China and COP27: together for implementation?

Aerial view of a coal fired power station at sunset in Lamma island of Hong Kong city
Aerial view of a coal fired power station at sunset in Lamma island of Hong Kong city. . Photo by leungchopan on Adobe.
19 Oct 2022

Belinda Schäpe, E3G Researcher on China climate diplomacy, was invited to speak at an online discussion on China’s role at COP27, convened by Jutta Paulus and Reinhard Bütikofer, both Members of the European Parliament, and joined by Martin Voss from Germanwatch.

Last year’s COP26 in Glasgow saw China playing an ambivalent role in the negotiations. On the one hand, Beijing supported watering down text on the phasing out of coal power (now “phase down”). On the other hand, to the surprise of many, China and the US signed a joint declaration on “Enhancing Climate Action in the 2020s” which is broadly seen as a strong sign of cooperation in support of the Paris Agreement’s objectives.

One year on, the world has changed dramatically. COP27 will happen against a fundamentally different background. The China-US ambition from 2022 has vanished. At the same time, China’s coal production hit record levels in 2022. What does that mean for the climate conference in Egypt? Will there be a rapprochement between China and the US or will opposition harden? Is the recent coal peak in China a signal for disengagement from the global fight against climate change or is it merely a domestically motivated, short-term move? Which new alliances might be fostered to reach the objective of the Egyptian presidency, to work “together for implementation”?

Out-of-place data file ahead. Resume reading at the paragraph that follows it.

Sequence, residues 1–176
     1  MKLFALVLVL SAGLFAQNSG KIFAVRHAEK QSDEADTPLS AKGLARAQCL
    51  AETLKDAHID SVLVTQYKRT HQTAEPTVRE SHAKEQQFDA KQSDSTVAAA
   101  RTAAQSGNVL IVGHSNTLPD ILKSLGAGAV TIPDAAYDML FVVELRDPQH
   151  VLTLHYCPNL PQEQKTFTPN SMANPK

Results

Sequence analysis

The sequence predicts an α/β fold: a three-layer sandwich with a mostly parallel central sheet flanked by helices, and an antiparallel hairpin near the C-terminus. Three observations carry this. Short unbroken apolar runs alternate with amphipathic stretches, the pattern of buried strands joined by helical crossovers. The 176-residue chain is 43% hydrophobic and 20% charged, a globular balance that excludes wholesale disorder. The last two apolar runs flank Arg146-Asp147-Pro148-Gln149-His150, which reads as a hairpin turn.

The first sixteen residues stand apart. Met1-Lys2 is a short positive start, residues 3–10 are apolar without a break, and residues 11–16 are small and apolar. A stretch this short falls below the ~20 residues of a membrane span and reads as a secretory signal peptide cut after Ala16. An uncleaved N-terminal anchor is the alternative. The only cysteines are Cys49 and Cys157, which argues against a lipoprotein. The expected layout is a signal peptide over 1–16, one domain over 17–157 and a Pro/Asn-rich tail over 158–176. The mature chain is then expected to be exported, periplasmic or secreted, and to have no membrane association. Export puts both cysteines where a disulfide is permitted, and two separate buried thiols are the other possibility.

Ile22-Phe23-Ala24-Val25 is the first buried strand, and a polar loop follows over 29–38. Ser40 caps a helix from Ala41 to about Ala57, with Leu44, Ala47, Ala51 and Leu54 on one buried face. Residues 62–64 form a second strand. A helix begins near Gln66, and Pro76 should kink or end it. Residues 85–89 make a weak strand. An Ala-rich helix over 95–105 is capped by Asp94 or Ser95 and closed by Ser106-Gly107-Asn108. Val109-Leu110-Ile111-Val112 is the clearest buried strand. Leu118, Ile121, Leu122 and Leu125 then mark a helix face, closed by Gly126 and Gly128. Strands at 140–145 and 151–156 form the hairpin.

In her intervention, Belinda discussed China’s domestic energy and climate policies (and politics) as well as the importance of engagement on climate change with countries in the Global South. She argued that China’s recent “coal boom” is much more complex than it seems, and that we also need to look at the renewables side of things. Climate action is in China’s own national interest, but China will act on its own terms and its current climate policies do not align with the goals of the Paris Agreement. To engage China on climate change, the EU and the US need to find a more effective approach and that must lead to building stronger international partnerships with countries in the Global South.

Watch the China and COP27 webinar recording


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